But to reiterate – “If a character is licensed to a company when the comic book crossover in question happened (or if it is obviously licensed, like JLA/Avengers) then it counts. Like Conan appearing in an issue of What If…?”

By this rule, I believe there was really only one official crossover for Star Wars comics. And none of them ever happened during their Marvel days. And I don’t mean stuff like Hellboy appearing in the background of a panel. I mean a flat out “This is clearly meant to be Character X and it is clearly approved by Company That Owns Character X.”

The biggest stretch of this rule we ever had was ALF appearing on a television while he was licensed to Marvel. The theory there was that it was actually an appearance by ALF, not just like a poster of him snuck into a background or anything like that. It was just HIM at a time when Marvel owned his license. So it counted. But perhaps I shouldn’t have allowed that if that would confuse people into using stuff like Star Wars posters in the background when Marvel owned the Star Wars license.


No, both “crossovers” that I’m thinking of aren’t anything like a poster or a tongue-in-cheek appearance. All I can say at this point is that I’m at an absolute dead end on where to connect the characters. Depending on what answer you approve at the next “Six Degrees,” I’ll have to ask you whether a particular Star Wars story counts as an official appearance or not. All I’ll say at this point is that I am aware of TWO meetings between a Star Wars character and a non-SW character in a comic. One is definitely acceptable, and one I would argue is, but I could see you shooting down.

Either way, both meetings lead to a dead end as far as I can tell. But we’ll see what others come up with!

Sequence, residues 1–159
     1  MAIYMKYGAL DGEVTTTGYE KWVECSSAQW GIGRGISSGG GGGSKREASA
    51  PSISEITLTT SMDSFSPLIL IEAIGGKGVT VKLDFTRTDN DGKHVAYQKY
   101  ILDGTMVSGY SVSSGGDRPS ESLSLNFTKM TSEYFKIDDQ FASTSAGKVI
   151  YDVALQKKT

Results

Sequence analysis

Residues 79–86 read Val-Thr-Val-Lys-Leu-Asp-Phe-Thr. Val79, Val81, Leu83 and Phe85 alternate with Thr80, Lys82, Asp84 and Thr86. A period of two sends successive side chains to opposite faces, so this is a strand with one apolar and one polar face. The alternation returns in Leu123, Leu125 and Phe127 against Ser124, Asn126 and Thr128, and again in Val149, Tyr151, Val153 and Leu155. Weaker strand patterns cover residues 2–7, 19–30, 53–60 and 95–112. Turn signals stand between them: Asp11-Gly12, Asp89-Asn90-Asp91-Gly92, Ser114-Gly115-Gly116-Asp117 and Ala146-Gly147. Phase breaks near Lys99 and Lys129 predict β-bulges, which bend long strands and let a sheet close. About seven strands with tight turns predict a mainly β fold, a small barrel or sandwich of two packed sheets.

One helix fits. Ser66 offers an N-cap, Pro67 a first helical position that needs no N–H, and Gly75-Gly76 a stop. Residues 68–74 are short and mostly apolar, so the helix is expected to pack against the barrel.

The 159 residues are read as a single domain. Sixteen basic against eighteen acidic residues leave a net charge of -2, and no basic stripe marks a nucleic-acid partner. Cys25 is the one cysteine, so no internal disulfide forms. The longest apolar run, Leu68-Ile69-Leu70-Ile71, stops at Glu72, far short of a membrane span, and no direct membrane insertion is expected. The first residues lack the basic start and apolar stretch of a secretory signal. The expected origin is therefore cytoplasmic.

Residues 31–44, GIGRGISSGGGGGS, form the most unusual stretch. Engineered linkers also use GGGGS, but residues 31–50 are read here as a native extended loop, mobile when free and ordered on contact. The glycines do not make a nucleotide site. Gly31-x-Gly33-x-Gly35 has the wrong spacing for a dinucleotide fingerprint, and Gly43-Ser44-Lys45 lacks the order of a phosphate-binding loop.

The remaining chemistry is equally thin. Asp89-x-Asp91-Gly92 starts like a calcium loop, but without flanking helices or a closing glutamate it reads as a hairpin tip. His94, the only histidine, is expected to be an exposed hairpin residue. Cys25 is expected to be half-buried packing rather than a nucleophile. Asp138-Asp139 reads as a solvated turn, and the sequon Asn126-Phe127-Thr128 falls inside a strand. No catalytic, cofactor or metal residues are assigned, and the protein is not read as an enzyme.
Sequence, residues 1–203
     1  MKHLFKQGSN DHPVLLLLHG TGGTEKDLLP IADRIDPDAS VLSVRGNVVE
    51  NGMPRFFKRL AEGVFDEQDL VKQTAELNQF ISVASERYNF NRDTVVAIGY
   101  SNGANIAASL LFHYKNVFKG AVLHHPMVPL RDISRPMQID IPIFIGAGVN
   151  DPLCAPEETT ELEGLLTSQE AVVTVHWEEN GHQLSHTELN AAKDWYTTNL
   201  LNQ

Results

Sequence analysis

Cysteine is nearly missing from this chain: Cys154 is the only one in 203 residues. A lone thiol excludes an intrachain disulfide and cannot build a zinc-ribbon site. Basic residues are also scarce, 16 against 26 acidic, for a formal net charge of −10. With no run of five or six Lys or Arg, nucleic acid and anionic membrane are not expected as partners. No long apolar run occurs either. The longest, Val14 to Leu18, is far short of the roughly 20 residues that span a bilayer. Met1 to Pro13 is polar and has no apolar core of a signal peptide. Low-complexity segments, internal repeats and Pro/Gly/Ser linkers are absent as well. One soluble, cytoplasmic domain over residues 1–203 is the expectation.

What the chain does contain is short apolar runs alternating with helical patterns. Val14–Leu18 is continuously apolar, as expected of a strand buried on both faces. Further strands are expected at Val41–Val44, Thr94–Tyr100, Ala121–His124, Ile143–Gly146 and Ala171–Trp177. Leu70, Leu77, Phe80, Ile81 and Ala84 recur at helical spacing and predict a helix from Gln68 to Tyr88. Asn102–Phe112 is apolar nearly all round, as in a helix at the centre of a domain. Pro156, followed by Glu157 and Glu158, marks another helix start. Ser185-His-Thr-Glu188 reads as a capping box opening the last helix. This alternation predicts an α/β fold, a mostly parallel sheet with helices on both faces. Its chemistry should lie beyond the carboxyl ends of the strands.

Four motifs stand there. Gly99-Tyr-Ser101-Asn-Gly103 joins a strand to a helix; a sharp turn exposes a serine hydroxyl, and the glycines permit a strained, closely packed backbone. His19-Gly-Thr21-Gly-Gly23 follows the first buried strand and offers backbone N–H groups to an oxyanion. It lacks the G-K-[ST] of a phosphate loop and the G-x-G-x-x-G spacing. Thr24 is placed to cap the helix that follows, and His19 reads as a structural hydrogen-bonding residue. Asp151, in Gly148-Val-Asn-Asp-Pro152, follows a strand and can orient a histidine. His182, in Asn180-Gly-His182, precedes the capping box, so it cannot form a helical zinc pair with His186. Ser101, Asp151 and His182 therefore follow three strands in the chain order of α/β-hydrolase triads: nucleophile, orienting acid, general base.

Travis Pelkie

May 7, 2013 at 4:17 pm

OK, next week I totally want to know what the crossovers Adam is thinking of are. Cuz I’m totally stuck.

Ethan Shuster

May 7, 2013 at 8:25 pm

Wait… who are we referring to when we say “X-wing Rogue Leader?” Are we going with the example on the cover here, the character Wedge Antilles? Or anyone who’s used the title Rogue Leader? That could be at least a few comic characters, including Luke Skywalker.

Brian Cronin

May 7, 2013 at 9:15 pm

Wedge Antilles.

Waitaminute! I don’t remember seeing all of these ‘official appearances only, no unlicenced cameos’ rules when I quickly skim read this yesterday, whilst clearly not paying as much attention as I should have.


Brian Cronin

May 8, 2013 at 4:16 pm

Also, as a hint, a key to this link is the whole “Public figures count, but they’re unique to each comic book universe, so Marvel’s Abraham Lincoln is different from DC’s Abraham Lincoln” rule.

At least one person has made a clear legit link and they’ve used that rule to do it. In fact, he actually did one better than Mike’s initial link (which needed the full six degrees).

So would a public figure appearing in a licensed comic from Marvel count as the same person as the public figure appearing in a Marvel Universe comic?

Brian Cronin

May 9, 2013 at 2:03 pm

So would a public figure appearing in a licensed comic from Marvel count as the same person as the public figure appearing in a Marvel Universe comic?

Yes. Essentially, there has to be SOME cut-off point, and that’s the one we’re going with.

With that clarification I’ve got it, but I can’t beat five degrees.

I’ve got an idea for a starting point but am going to be incommunicado so will give up and see if my idea is the link used (oddly enough the person I’m thinking of not only appears in a Dark Horse Star Wars comic but also has a non-qualifying appearance in a Marvel Star Wars comic)